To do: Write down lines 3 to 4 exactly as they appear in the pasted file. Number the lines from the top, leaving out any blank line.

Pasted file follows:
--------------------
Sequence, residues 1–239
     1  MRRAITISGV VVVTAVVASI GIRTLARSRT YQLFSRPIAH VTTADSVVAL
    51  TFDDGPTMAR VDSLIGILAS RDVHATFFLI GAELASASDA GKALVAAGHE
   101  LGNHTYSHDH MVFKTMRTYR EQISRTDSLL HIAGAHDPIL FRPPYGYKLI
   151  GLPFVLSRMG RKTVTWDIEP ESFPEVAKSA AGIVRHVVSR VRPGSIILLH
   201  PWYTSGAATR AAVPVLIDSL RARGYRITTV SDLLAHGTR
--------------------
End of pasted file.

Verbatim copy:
    51  TFDDGPTMAR VDSLIGILAS RDVHATFFLI GAELASASDA GKALVAAGHE
   101  LGNHTYSHDH MVFKTMRTYR EQISRTDSLL HIAGAHDPIL FRPPYGYKLI